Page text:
Out of the dichotomy: a coexisting ambivalence
Yoona Yang

[Figure 1] Salt deposits at the Jiajika lithium mine in Tagong township in China’s western Sichuan province. Local herders have protested against the mine, which polluted the Liqi River and killed fish and yaks downstream. (Denyer 2016)

[Figure 2] A spot where the Matsutake was discovered in Nuuksio forest

As media technology advances, an ambivalence emerges compared to Utopia and Dystopia. The ambivalence-diametrical features of the world where we humans live- can be beneficial or detrimental to our lives. If the characteristics exist while balancing each other, they can eventually coexist and perform valuable functions. Then, in the Anthropocene, how can the media's ambivalence toward humanity achieve a more advantageous coexistence out of the dichotomy?

In recent years, the dystopian view of media technologies that machine intelligence will ultimately dominate or destroy humans has changed radically (Crawford 2021, 214). This change is a reactionary attitude stemming from the environmental problems of the mining town destroyed by the production of lithium, an essential material for digital devices. The dehumanization of mankind in modern society's tendency to blindly pursue capital and invest in media technology is another stimulus to the dystopian attitude. On the other hand, Artificial Intelligence in digital media devices is regarded as a universal solution to all the problems we humans face in modern society. There is also a view that wishes for a utopia life. Since Utopia is also a social vision for a better world, the modern Anthropocene also tends to struggle to develop media technologies that will make it a utopia (Fuchs 2020, 149). What if such dichotomous attitudes for the world only lead toward opposite ends apart from each other? If then, it will be unable to find the concept of coexistence in the relationship between media technology, the environment, and human beings.

As an artist who creates artworks, and a design researcher based on media technology, I am inspired by nature and create artifacts using digital technology. Because I reside at a crossroads between nature and digital media, I am constantly exposed to both optimistic and pessimistic aspects of media technology. What practices can I start to reflect these conflicting features more beneficially in mankind? Concerning the solutions to this internal question, the story of Matsukate that I heard while walking back to nature gave me a hint. Matsutake is a rare mushroom, especially discovered in human-damaged and abandoned forests. To survive in the wilderness, Matsutake does not see the devastation of the environment as adversity. It makes no distinction between negative and positive aspects of its surroundings. It even forms a mycelium where all harmonize, including other living things. Matsutake's objective view of its surroundings reminded me of the necessity of stepping back and observing the characteristic itself rather than focusing on one side of the ambivalence. Likewise, even in the relationship between media technology and we human beings, attempting to move away from the battle of dichotomous thoughts and looking at the ambivalent nature itself would be a small practice that I could begin for humanity.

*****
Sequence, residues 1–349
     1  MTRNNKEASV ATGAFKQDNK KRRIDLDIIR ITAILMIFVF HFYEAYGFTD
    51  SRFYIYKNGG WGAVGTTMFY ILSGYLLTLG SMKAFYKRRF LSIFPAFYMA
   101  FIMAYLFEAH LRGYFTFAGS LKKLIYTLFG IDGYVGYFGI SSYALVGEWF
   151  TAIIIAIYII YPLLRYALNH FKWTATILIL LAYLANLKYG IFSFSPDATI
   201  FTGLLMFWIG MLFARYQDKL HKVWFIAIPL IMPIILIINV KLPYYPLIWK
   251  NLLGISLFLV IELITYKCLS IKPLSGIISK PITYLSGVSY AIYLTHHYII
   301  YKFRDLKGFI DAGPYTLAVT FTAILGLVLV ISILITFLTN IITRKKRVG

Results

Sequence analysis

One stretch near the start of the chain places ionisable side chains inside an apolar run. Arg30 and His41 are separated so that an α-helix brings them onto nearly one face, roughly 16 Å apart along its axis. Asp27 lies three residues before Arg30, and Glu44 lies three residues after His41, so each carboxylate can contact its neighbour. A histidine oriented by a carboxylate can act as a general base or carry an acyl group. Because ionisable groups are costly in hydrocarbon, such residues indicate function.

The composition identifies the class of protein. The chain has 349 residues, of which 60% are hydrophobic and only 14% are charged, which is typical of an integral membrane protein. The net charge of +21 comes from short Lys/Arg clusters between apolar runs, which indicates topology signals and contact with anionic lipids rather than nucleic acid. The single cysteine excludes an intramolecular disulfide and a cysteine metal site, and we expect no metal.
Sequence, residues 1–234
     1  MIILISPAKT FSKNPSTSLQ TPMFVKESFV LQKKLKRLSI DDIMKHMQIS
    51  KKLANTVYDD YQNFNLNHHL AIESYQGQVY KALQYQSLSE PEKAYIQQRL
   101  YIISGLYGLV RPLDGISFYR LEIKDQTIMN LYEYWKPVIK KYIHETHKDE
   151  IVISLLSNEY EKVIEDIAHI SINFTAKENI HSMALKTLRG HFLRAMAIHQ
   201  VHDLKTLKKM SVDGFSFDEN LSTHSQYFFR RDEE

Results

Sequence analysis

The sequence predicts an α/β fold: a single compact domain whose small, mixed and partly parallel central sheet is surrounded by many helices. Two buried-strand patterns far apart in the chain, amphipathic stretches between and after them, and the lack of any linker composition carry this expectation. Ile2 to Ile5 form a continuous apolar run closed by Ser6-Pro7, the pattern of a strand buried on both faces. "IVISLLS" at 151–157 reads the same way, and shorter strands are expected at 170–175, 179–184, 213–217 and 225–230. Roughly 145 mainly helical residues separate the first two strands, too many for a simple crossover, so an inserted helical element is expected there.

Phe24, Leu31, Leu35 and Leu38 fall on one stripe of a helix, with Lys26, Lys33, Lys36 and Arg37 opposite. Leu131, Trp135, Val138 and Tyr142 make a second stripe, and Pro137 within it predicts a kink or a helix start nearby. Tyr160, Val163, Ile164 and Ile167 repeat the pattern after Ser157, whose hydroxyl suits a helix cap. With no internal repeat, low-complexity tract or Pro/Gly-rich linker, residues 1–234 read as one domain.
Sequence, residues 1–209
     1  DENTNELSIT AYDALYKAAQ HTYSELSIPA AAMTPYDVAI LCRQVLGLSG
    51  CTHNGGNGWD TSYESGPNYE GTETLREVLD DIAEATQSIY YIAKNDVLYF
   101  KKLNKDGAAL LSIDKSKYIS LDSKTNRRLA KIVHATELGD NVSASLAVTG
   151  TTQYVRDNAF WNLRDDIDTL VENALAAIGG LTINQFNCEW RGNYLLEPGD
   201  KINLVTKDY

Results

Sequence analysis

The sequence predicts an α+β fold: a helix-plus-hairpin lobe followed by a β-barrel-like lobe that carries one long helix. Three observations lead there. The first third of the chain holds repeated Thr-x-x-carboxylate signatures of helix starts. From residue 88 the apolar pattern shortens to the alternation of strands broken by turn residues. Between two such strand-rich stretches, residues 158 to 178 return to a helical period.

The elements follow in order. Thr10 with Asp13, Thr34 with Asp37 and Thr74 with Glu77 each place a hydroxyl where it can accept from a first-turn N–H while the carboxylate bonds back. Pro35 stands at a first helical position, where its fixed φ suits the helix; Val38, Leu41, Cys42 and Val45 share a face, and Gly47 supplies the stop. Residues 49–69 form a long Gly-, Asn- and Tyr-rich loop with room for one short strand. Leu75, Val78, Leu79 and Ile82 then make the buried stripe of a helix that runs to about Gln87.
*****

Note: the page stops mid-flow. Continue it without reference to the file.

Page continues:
Furthermore, the concept of ambivalence can be found everywhere, including within myself. Therefore, observing this characteristic itself is a small practice that I can continue in my daily life, and it will be the starting point of a new artistic practice as a media artist. If I repeat to look at each of the negative and positive aspects of everyday life from my own objective standpoint, the dichotomous distinction between ambivalences will become hazy at some point, and I would discover a balanced myself in a state of coexistence. I imagine that media artworks expressed in my small practices inspire others to ponder over a coexisting ambivalence rather than a dichotomous ambivalence.

References

[1] Denyer, Simon. 2016. Tibetans in Anguish as Chinese Mines Pollute Their Sacred Grasslands. The Washington Post. Edited by Simon Denyer. https://www.washington- post.com/world/asia_pacific/tibet- ans-in-anguish-as-chinese-mines-pollut e-their-sacred-grasslands/2016/12/25/ bb6aad06-63bc-11e6-b4d8-33e931b5a 26d_story.html.

[2] Crawford, Kate. 2021. The Atlas of AI Power, Politics, and the Planetary Costs of Artificial Intelligence. Yale University Press.

[3] Fuchs, Christian. “The Utopian Internet, Computing, Communication, and Concrete Utopias: Reading William Morris, Peter Kropotkin, Ursula K. Le Guin, and P.M. in the Light of Digital Socialism.” tripleC: Communication, Capitalism & Critique. Open Access Journal for a Global Sustainable Information Society 18, no.1 (2020): 146-186. https://doi.org/10.31269/tri- plec.v18i1.1143.